In a world increasingly reliant on technology for basic communication, it’s nice to know there’s still a place that appreciates the value of a simple handwritten letter. That place is Garrettford Elementary School in the Upper Darby School District.
The Delaware County school is one of the few in the state still operating the Wee Deliver program, a student-run, in-house mail-delivery service that operates like a mini U.S. Post Office.
But if this sounds like a legacy program being kept alive by some school elder who refuses to budge in the face of tech innovation, that notion is quickly dispelled when you see the enthusiasm it generates among the fourth-graders who operate it.
“Sometimes we miss all of our recess,” said fourth-grader and Wee Deliver member MJ Brooks. “But I still love the program because it’s fun to deliver and sort and stamp the mail. And I do it with a lot of my friends.”
Better than recess?
Every day, a handful of industrious fourth-graders happily give up a portion of their lunch or recess to gather, sort, and deliver mail throughout the three-story school, using a system that mirrors the U.S. Postal Service. Only in this world, each floor is a separate “city,” and each classroom or office is a separate street – with names like Happy Valley or Sunshine Lane or Main Road. Each student, teacher, and faculty member gets their own address.
“The secretaries, the lunch cafeteria workers, the ladies that help us on the playground – all have addresses so anyone can receive a letter on any given day,” explained Rosemary Farrell, a fourth-grade ELA and science teacher who has run the program for the last 15 years.
“One of the benefits of the program is that children receive messages from the adults that they spend time with,” she said. “A note from a teacher from a year or two before, or a note from a teacher in a class that saw you doing something positive – you can see on their face the smile when there’s a letter on their desk. And that smile goes a long way to helping them feel positive about themselves and the day ahead.”
It’s about more than just mail
Each student must apply for a spot on the Wee Deliver team. And the process mirrors what they can expect when applying for a job in the real world, complete with an application form, a test, references from other teachers, and, finally, an interview with Postal Director Farrell.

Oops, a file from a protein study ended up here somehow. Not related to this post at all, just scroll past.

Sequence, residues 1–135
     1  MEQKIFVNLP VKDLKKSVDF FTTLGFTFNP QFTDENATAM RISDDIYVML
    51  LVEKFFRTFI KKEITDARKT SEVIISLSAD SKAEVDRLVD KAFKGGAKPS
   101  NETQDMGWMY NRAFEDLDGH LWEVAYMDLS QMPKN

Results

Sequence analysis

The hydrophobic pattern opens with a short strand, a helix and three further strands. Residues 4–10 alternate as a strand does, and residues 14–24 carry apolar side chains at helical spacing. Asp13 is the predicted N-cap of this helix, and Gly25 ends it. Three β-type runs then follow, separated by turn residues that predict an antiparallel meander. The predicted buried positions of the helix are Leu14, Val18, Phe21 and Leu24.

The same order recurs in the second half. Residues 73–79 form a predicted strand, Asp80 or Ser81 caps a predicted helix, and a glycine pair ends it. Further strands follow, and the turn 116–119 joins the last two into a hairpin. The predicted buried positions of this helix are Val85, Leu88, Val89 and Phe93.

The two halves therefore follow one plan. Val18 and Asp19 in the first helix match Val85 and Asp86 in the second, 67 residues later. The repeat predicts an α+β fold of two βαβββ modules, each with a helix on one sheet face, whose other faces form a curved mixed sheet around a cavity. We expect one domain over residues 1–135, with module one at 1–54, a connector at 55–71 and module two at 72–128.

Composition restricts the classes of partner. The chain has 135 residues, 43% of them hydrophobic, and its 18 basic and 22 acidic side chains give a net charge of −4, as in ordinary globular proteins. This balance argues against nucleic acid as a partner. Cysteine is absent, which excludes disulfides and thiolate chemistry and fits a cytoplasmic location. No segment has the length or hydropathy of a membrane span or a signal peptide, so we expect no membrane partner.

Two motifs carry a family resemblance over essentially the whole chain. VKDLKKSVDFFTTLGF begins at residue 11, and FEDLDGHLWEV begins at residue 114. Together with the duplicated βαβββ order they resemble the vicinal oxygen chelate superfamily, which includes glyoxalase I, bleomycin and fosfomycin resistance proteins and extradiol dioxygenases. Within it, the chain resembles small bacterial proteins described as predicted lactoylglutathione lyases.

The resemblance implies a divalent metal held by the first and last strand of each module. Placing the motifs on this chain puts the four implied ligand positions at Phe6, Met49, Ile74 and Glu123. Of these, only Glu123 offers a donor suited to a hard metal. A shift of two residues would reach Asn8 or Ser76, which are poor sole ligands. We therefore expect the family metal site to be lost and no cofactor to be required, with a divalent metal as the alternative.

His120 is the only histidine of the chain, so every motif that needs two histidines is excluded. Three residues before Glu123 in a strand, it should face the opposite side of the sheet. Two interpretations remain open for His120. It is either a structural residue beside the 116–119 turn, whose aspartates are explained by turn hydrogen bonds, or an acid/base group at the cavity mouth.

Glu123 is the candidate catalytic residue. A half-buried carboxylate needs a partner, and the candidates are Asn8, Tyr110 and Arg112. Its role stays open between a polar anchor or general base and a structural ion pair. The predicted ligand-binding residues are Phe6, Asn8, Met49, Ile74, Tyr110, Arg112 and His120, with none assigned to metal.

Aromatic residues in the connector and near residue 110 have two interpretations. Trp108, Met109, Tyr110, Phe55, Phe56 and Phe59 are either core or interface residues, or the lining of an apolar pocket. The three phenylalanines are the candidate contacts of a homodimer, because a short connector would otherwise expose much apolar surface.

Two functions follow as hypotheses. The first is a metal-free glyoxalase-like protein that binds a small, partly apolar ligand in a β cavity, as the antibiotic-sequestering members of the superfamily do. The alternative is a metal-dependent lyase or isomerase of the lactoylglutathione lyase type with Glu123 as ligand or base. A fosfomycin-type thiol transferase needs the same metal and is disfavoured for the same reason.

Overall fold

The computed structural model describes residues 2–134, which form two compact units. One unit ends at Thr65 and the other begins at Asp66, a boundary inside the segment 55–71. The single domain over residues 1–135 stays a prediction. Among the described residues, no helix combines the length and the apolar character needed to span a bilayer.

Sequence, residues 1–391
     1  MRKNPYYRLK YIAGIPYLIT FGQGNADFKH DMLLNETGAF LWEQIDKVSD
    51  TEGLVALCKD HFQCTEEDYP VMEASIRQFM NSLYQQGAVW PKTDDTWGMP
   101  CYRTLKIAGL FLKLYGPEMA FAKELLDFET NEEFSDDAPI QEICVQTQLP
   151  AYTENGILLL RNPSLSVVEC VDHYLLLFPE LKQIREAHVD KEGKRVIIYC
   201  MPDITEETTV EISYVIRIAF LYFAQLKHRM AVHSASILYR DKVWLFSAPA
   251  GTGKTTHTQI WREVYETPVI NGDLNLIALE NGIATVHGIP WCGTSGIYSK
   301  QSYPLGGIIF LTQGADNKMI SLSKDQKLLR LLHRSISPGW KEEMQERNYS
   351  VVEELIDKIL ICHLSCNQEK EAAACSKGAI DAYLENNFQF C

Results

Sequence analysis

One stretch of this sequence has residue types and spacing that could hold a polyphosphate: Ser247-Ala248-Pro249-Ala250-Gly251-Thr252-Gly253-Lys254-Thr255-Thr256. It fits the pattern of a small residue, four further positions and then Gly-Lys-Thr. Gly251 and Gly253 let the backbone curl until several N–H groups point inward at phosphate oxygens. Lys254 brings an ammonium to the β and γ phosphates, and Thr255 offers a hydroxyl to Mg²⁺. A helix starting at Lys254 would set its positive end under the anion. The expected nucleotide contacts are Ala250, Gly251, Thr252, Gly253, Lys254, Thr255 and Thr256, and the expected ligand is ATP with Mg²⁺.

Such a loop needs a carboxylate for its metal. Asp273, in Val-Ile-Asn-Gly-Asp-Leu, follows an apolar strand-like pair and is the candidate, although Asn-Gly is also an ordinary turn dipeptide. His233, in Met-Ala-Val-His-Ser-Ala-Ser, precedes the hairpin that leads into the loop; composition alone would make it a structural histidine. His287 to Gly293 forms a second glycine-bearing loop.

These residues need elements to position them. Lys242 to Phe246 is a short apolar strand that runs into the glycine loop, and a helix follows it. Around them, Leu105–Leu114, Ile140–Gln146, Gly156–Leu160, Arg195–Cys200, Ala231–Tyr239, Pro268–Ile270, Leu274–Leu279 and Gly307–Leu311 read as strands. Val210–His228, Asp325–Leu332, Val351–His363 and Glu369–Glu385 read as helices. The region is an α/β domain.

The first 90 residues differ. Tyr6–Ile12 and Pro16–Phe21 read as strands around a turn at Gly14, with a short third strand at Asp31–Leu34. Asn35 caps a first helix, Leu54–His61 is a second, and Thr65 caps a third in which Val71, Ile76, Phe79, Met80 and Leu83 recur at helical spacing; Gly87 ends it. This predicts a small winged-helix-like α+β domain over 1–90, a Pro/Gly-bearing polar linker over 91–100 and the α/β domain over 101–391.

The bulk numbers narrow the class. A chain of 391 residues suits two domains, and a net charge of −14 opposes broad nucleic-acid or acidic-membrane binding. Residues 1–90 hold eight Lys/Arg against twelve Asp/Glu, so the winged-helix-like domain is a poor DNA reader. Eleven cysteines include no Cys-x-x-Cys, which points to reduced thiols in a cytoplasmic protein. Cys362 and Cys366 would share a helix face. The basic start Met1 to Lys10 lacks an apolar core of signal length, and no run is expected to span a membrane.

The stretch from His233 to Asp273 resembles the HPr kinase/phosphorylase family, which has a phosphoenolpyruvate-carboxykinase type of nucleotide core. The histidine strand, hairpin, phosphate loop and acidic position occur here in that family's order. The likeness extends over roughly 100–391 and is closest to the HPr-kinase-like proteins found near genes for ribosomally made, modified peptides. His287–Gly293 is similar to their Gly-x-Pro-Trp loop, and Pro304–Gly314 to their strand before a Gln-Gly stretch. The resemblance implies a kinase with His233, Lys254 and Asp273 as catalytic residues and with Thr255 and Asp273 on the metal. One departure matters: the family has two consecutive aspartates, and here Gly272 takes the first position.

“One of the key parts of being a Wee Deliver worker is that you are responsible and respectful,” Farrell said. “Because we say that you are ‘on the streets’ by yourselves. The students who take these jobs know the responsibilities, and they travel throughout the cities without an adult. They’re under adult supervision, but they’re really traveling respectfully and taking care of the job on their own.”
This helps the kids learn to problem-solve on their own, or in collaboration with other students, instead of relying on adults for answers.
The kids seem to appreciate the responsibility and are eager to embrace their roles, even recruiting new friends into the program. All that built-in excitement has kept the program alive at Garrettford for more than two decades.
Among other benefits, Wee Deliver presents a great opportunity to teach students about paying it forward. Farrell always encourages students who receive a letter to send one in return, keeping the chain of kindness going throughout the whole school.
“So that we’re constantly spreading good wishes,” she said. “And it’s not necessarily one friend to another all the time, but across the building.”
It’s not always just letters, either. Recently they experimented with sending Flat Stanley through the mail to help students learn more about one another’s backgrounds.
Students can also submit jokes via the mail service that get read aloud during announcements at the end of the day.
“The Wee Deliver program continues to build great enthusiasm throughout the whole school community,” Farrell said. “New fourth-graders know the opportunity that lies ahead of them in order to be a worker, to travel throughout the building taking care of the mail. Students throughout the grades are excited to write letters. And that thrill of having a letter arrive at your address with your name on it from someone in the building spreads lots of smiles.”